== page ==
Table of Contents
- About the GigaOm Radar Report
- Key Criteria Comparison
- GigaOm Radar
- Vendor Roundup/Overview
- About Andrew Brust
For decades data warehouses have been the trusted technology for large-scale data storage and analytics in the enterprise. And that role has become only more vital, as traditional data warehouse vendors have modernized their products to provide advanced scaling capabilities, massive parallelism, enhanced ease of use, and reduced total cost of ownership. At the same time, vendors are evolving new features and advancing their architectures to leverage the native capabilities of the cloud.
Today, vendors are extending their products, moving from core data warehouse offerings to more integrated platforms with warehouse capabilities at their core. These include integrations with formerly discrete technologies such as data lakes, Hadoop and Spark, as well as AI operations, deep integration with data analytics and other BI tools, and easier integration with data engineering, data science and machine learning workflows. Built-in data governance, data quality and data preparation are also included.
Managing the full data cycle is now virtually impossible for an organization without a data warehouse platform. Evaluating the market’s most important vendors is therefore vital for any organization. This process needs to examine both technical and non-technical considerations, and should be approached holistically.
This GigaOm Radar report examines and evaluates the most important data warehouse platforms in the market today. It looks at each vendor’s approach, capabilities and, crucially, its ongoing development, and explores how each is poised to evolve over the next twelve months.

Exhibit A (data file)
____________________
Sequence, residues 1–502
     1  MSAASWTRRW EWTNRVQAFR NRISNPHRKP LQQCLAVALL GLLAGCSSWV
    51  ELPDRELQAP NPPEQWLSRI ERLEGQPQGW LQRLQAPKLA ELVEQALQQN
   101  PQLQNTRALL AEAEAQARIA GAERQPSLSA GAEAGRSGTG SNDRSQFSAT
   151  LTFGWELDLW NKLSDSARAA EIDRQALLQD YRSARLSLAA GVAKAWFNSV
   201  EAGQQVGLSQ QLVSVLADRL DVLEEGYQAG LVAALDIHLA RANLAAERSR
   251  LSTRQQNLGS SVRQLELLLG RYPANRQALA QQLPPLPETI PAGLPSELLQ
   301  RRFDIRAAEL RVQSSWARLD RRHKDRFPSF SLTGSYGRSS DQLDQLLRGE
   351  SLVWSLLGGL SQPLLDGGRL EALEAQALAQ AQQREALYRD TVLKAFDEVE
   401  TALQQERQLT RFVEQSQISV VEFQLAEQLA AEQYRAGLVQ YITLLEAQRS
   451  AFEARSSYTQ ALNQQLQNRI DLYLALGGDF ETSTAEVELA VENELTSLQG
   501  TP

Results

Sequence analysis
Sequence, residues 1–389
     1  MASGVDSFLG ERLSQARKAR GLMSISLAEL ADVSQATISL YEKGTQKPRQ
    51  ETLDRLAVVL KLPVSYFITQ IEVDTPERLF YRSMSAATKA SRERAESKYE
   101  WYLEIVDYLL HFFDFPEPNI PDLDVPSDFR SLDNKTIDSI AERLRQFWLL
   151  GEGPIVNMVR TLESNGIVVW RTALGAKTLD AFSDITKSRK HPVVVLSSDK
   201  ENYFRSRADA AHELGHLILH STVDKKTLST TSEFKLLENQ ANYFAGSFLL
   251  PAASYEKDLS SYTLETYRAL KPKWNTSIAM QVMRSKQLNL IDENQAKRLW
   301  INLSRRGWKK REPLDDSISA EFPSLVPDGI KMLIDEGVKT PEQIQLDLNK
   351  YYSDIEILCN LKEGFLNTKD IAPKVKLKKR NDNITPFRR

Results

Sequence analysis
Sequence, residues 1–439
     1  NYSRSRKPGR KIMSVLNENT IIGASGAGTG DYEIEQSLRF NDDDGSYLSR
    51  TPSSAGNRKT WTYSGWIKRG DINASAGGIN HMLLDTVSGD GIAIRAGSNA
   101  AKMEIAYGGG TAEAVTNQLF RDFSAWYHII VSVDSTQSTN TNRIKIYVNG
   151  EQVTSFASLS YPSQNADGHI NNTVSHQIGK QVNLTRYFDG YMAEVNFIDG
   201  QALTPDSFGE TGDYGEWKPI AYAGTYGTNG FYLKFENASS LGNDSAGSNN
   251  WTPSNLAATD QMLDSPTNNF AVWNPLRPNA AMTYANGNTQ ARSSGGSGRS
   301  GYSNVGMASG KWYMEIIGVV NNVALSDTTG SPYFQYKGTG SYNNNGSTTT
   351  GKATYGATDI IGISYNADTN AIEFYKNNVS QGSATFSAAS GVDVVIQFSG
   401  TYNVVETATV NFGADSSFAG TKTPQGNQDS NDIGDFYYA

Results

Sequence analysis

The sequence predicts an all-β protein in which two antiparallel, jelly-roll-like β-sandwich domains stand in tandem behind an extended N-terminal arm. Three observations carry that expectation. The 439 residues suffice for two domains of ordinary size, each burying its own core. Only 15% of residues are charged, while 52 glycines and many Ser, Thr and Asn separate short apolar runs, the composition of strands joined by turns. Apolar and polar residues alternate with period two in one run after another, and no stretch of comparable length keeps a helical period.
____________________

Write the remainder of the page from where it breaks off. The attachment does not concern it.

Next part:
This report is designed to help you evaluate both the current and future position of solutions within the market. The aim is to help your organization make the best possible decision about the vendor it selects for its data warehouse.
- New platform development is focused on the cloud. Several cloud-native platforms have emerged, and more traditional vendors have modernized their platforms to transition from on-premises to the cloud.
- Vendors are investing heavily in hybrid cloud capabilities. Data sets spanning on-premises and the cloud can now be processed and analyzed, and disaster recovery capabilities have been enhanced.
- Most vendors are integrating data science, ML, and artificial intelligence (AI) capabilities into their base data warehousing architecture.
- Data warehouses are able to store and analyze data more quickly, allowing huge amounts of data to be explored more readily, and this trend is accelerating.
- SQL is the dominant querying language, though vendors do make their own additions or incorporate special variations.
- Integration with data lakes, query federation, and processing of remote data sets in-place are slowly becoming more prevalent, with several vendors implementing similar performance-enhancing features.